Dubai: new building code to limit glass on faades

Dubai Municipality has announced that it will be implementing a federal green building code that will limit glass to 60% on external faades of Dubai“s structures in 2014.
Eisa Al Maidoor, assistant …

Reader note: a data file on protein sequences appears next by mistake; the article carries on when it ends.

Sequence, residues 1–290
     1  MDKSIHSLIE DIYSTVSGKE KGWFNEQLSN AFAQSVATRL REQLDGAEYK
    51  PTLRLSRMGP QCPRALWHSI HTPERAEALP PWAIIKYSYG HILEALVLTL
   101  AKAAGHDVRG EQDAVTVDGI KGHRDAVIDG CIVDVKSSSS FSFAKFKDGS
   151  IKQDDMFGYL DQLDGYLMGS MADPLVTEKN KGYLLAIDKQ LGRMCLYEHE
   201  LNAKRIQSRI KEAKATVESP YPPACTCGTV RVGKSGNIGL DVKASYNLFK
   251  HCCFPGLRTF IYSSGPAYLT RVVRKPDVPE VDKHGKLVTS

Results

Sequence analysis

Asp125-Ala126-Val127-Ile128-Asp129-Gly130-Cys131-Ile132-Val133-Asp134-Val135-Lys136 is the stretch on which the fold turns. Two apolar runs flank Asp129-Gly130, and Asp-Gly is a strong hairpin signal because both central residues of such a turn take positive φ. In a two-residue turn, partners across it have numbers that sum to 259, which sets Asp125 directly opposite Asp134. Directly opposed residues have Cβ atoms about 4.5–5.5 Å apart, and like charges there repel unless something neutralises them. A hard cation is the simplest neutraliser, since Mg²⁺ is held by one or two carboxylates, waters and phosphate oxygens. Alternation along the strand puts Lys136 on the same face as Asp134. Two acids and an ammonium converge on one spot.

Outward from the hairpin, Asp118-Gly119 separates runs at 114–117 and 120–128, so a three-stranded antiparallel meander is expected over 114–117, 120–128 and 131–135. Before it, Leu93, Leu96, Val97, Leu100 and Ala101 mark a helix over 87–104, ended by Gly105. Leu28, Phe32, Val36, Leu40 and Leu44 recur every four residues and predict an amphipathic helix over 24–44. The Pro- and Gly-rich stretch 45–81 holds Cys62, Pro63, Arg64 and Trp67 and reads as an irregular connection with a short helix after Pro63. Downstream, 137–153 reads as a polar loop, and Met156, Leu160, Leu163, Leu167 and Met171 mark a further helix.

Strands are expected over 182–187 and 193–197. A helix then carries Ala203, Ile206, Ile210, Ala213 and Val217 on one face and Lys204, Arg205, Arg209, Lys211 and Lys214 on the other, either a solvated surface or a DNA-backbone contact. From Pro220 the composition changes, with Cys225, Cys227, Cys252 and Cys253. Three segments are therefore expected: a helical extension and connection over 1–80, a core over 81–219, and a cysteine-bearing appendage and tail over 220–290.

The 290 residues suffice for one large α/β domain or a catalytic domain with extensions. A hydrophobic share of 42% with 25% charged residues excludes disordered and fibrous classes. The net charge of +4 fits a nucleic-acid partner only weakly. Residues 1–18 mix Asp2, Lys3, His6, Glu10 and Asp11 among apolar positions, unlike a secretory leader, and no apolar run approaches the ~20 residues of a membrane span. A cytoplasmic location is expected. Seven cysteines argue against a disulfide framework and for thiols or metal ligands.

Dubai Municipality has announced that it will be implementing a federal green building code that will limit glass to 60% on external faades of Dubai“s structures in 2014. Eisa Al Maidoor, assistant director-general for Planning and Building Affairs, Dubai Municipality, said the code, which was approved by the Executive Council in August 2010, is not a ratings system but a law that all buildings will be obliged to follow before being issued a building permit. Over the next three years, all buildings will have to comply with the Dubai Municipality building code, which includes regulations on glass, water and waste management, Al Maidoor said during the recently-held EnviroCities 2010 conference. Buildings that have more than 60% glass will need to provide shade for it, he added. “The next three years are a trial period to make sure we have enough materials and the code does not affect the market. We thought about making this transition period just one year but decided it was too short,” he said. Government buildings will be obliged to meet the criteria from the beginning of 2011, according to Dr. Rashid Bin Fahd, UAE Minister of Environment and Water in his opening address. “We have always been keen to incorporate the environmental dimension in the developmental plans. Realizing the pressures of urban development boom, the UAE has given much importance to apply sustainable solutions including transforming the city areas into green, which in turn will reduce the impact of carbon emission and protect the environment,” said Bin Fahd. Al Maidoor added that with regards to internal environments, buildings will need appropriate management and will have to calculate their performance. Around 155 global building practices were studied in compiling the Dubai building code, which will consist of 79 clauses, he said. “The cost of building has increased 3-5% but we can cover the costs of building greener buildings from what we save in electricity and water,” said Al Maidoor. Of the 79 clauses, 18 will regards design, 27 quality of materials, and seven electricity and water. Other clauses will take into consideration recycling, waste management, and indoor air quality. “Our buildings make the rest of the world dream and we want to make them more efficient and use economically viable materials that protect the environment,” he said. Al Maidoor added that two representatives from other cities have already requested a copy of the Dubai Municipality guidelines. Many buildings already use 15% less water than regular buildings, and at least 80% are correctly insulated, he concluded.